Propaganda versus reality

The main criticism of the Madrasa Board is that Muslim children and youths are encouraged to become radicalised through the Madarasa educational system. It is propagated that Muslims are also naturally violent since the Madrasa educational institution instils violence in their mind as part of their Islamic teaching. Moreover, Muslims were held accountable for forcing non-Muslims to convert to Islam; however, today the blame is placed on the religion itself for propagating Madarasa promotes prejudice and intolerance and doesn’t welcome scientific, secular and mainstream education as per National Education Policy 2020. The people are exposed to this erroneous belief thanks to massive communal propaganda through social media and state-owned media outlets.

The Madrasa education system in India has been a topic of much discussion, with opinions ranging from praise to criticism. This system of education is often surrounded by various misconceptions and unfounded accusations, which can make it difficult to understand the true nature of this traditional method of learning.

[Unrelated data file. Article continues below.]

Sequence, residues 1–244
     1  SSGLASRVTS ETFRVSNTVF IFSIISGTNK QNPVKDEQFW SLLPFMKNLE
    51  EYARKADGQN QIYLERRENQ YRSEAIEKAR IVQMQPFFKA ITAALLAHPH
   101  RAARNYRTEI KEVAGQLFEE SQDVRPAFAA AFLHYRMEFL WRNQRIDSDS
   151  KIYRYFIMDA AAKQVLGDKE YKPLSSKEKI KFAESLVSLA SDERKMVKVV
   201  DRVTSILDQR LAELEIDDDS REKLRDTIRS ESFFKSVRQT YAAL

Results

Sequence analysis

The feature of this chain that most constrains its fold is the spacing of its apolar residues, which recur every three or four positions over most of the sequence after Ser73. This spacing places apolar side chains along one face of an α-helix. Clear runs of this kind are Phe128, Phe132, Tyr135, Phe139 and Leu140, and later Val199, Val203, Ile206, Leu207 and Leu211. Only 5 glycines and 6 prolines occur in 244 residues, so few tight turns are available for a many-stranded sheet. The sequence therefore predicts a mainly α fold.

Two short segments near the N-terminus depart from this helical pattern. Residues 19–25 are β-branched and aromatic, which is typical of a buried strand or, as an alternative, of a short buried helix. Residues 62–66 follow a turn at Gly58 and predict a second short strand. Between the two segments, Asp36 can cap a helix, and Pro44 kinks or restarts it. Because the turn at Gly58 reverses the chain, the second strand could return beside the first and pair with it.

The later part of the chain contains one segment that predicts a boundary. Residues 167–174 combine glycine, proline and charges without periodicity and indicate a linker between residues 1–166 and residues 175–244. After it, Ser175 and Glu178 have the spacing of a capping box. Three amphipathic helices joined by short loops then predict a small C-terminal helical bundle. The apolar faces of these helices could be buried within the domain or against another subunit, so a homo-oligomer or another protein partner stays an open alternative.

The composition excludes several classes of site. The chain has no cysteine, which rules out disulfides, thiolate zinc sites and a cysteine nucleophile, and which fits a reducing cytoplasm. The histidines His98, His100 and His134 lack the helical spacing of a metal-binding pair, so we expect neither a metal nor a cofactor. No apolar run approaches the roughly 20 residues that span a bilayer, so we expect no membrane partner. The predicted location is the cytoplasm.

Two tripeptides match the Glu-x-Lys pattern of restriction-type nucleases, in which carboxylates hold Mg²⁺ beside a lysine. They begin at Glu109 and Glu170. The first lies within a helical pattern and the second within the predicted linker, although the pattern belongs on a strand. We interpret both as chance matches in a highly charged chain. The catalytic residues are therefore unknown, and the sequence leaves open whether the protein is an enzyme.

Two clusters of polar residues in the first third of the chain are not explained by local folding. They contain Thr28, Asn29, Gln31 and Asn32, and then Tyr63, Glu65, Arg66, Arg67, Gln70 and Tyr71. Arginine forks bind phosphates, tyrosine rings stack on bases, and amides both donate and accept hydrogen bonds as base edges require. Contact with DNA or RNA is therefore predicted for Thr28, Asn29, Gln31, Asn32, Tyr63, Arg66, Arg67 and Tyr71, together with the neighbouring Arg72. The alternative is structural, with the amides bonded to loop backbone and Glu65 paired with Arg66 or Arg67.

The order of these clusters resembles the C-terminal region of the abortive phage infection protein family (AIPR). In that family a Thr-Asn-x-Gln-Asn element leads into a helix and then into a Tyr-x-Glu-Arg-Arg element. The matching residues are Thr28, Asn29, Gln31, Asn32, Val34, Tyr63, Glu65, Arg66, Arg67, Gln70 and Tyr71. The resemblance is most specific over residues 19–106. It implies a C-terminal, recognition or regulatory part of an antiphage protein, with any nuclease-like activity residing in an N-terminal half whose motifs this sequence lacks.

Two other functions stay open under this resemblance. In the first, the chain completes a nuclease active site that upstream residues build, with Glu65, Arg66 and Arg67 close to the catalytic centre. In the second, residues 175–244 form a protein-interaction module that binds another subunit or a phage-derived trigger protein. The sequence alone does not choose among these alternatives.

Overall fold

For many generations, Muslims have turned to madrasas to deepen their knowledge of Islam. These institutions have a rich history that dates back to our forefathers, who issued a fatwa against the British government in support of the struggle to India’s independence.  Some of the most prominent madrasas in Uttar Pradesh have played a significant role in India’s independence movement. For example, Shibli College (founded by Shibli Nomani), Sir Syed High School Aligarh, Madarsa Darul uloom Ahle Sunnat, Bareily, Madarsa Arabiya Faize Naeemi Saraiya Pahari Amari, Azamgarh are just a few of the institutions that have helped shape the course of history in India.